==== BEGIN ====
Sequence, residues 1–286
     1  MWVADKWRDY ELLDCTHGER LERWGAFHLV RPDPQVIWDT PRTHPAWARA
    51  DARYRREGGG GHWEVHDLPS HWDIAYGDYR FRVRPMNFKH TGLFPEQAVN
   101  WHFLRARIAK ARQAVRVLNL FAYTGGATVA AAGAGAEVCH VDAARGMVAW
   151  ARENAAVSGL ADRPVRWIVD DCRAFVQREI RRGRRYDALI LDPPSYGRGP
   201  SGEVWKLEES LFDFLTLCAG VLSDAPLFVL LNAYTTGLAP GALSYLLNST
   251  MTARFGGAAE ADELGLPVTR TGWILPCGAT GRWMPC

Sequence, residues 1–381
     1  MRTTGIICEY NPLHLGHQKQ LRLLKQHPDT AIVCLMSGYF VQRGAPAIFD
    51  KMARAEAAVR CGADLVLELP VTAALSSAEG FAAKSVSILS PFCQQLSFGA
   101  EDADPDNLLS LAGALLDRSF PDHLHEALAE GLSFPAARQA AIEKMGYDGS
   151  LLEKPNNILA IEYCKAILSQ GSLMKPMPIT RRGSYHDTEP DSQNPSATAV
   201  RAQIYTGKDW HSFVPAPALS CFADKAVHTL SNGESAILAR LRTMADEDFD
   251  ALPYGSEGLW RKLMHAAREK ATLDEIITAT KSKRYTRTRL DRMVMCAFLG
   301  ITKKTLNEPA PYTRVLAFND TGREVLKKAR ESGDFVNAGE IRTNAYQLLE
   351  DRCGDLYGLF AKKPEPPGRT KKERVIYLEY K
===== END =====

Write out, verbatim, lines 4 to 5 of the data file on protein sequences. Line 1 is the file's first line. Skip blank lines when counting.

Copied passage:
   101  WHFLRARIAK ARQAVRVLNL FAYTGGATVA AAGAGAEVCH VDAARGMVAW
   151  ARENAAVSGL ADRPVRWIVD DCRAFVQREI RRGRRYDALI LDPPSYGRGP